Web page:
I also agree with the ZNR or some type of transient supression.

If you have too, I would investigate adding some sort of forced cooling.

I had buzzing issues with new 24 VAC valves (non gas) from a reputable comp
any which was traced to dust during manufacturer.  All of the valves receiv
ed had to be cleaned prior to use.  they were used with an Inert gas as the
 air medium which had no lubercation.

Poor manufacturing such as dust could be causeing a higher temperature than
 usual.

Corona dope might be able to be used to re-insulate a repair.  Be sure to c
lean the flux off.

Under another note, a gas dryer at home has been operating for nearly 48 ye
ars with the same electric gas valves.  As you said use is 3-4 times per we
ek.
Preventative maintenance generally was cleaning of the ducts internal and e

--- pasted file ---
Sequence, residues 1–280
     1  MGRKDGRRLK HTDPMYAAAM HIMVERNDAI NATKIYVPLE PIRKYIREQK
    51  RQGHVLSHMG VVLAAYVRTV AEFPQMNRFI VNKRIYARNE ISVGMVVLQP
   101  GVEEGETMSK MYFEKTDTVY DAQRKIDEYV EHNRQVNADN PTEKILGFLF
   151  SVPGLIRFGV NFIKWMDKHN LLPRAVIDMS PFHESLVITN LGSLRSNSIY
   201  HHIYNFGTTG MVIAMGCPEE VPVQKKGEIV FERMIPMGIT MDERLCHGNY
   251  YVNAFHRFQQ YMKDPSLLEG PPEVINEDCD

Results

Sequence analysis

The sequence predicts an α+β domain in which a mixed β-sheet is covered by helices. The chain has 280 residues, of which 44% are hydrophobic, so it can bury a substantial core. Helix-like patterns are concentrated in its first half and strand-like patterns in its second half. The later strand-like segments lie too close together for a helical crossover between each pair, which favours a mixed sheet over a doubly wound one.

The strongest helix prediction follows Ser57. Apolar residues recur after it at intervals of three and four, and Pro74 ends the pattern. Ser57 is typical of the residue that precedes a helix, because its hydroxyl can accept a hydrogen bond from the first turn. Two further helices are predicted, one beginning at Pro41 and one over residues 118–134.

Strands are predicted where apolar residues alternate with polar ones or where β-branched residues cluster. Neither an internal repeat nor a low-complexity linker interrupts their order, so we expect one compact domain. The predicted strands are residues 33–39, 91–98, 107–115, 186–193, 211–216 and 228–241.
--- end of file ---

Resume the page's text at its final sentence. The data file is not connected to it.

xternal.  Painting was done rarely.

The last failure was a cascade of events where the grease in the blower bea
ring transmission froze up.  This cause the bearing to fail, which caused t
he fan blower belt to fail and the dryer drum belt to fail.

The fixes employed at this point was:
1. The set screw for the fan pulley was changed to brass tipped.
2.PM's will include looking at the transmission.
3.Special thrust washers were added to the drum tensioning pulley shaft and
 the fan shaft.
4. A special grease was selected for the transmission.
5. The drum light was changed to LED based.
6. A gasket was made for the outlet stream.
7. Nylon hinges (lint filter door) were replaced and painted with epoxy pai
nt
8. Material of the lint filter door bumpers changed.